GUTFELD: ... there's something wrong with her head. I don't think she's going to be able to make it as president." It was nonstop. And it was all done as a conspiracy. And everybody on the left we're going, "This is awful. This is bad ...

FRANCIS: Trying to diagnose people.

GUTFELD: ... this is dirty." And then all of a sudden, it reverses it and we're going, "Oh, this is terrible, this is bad." And they're going, "You know, you should really look at this." So we are all hypocrites in this game ...


GUFIELD: ... and all deserve to be booed.

WATTERS: This is to play devil's advocate, though.


GUTFELD: Thank you.

WATTERS: I mean George Bush was called illiterate.

FRANCIS: You're welcome.

WATTERS: Palin was called a pig. I think Romney was accused of giving someone cancer. And then Trump is a key ...

GUFIELD: And a bully.

WATTERS: He's a racist psychopath. So, if you say Hillary coughs a lot, I don't know if that completely stacks up.

FRANCIS: I don't know.


GUTFELD: You know what they were saying.

FRANCIS: I'm not sure that calling him crazy -- I mean, what sane person would run for President of the United States anyway? I think they're all crazy. It looks terrible. I mean you're out there 24/7. Everyone's hurling everything in the world about you. And the job that you give at the end looks like an absolute nightmare. You would have to be insane to run for president. I think they all are.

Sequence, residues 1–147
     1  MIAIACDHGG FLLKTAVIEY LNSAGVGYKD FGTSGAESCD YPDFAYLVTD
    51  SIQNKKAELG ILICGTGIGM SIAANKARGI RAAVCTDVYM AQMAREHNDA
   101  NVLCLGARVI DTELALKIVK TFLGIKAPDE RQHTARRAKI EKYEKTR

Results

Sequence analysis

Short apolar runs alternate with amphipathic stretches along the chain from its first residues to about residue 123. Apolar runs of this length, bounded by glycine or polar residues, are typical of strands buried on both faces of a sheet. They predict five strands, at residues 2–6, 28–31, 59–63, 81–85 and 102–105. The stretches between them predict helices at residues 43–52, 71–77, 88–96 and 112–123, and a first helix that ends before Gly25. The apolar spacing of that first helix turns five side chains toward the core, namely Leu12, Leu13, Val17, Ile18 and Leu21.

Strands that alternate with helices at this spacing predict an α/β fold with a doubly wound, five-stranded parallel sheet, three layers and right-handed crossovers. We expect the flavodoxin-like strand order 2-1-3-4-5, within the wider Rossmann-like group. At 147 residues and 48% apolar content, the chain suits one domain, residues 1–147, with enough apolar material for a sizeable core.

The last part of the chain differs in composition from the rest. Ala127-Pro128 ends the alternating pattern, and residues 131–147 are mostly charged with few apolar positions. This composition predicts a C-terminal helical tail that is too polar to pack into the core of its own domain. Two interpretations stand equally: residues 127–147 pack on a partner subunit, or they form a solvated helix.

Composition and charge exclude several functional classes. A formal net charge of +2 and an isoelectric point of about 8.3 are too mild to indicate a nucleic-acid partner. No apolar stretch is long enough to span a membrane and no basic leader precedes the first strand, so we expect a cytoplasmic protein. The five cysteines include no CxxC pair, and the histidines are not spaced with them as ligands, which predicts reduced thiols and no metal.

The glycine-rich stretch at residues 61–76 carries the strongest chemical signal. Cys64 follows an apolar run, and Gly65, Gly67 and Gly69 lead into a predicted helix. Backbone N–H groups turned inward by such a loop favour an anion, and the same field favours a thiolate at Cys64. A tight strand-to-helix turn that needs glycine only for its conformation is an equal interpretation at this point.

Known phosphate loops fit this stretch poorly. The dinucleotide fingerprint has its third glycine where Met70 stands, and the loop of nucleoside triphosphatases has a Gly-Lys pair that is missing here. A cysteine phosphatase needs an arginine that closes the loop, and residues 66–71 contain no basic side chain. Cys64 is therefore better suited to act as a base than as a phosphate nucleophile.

GUTFELD: Don't you want a psychopath as president?


WATTERS: I mean, someone that's going to like blackmail our enemies and like play head games.


FRANCIS: With the killers?

GUILFOYLE: I like that.

GUTFELD: Don't you want a psychopath?

WATTERS: I don't want a normal dad. It's like, "Oh, well."

GUILFOYLE: OK. That's it. OK. But how about maybe somebody wants to actually do something good for the country, and do something for the military, and do something for the economy, and do something for families and for children for quality education because, yes, it is a thankless job. But I know somebody who really needs the job, really wants the job because they want to sell the White House, HRC?

WATTERS: And it's also funny, Eboni, that--

GUILFOYLE: And stay out of a jail, right?

WATTERS: Plouffe, right. David Plouffe read the clinical definition of being a psychopath. And I have it here, "The Grandiose notion of self- worth." I remember someone gave a speech in front of Greek columns, pathological lying. If you like your health care, you can keep it. And lack of empathy. Who went golfing after an American was beheaded? So I think his old boss actually fits the definition much more so than Donald Trump.

WILLIAMS: Look, I think that Donald Trump is a grown man and I think that -- look, he's absolutely been called everything in the book. For sure that's right.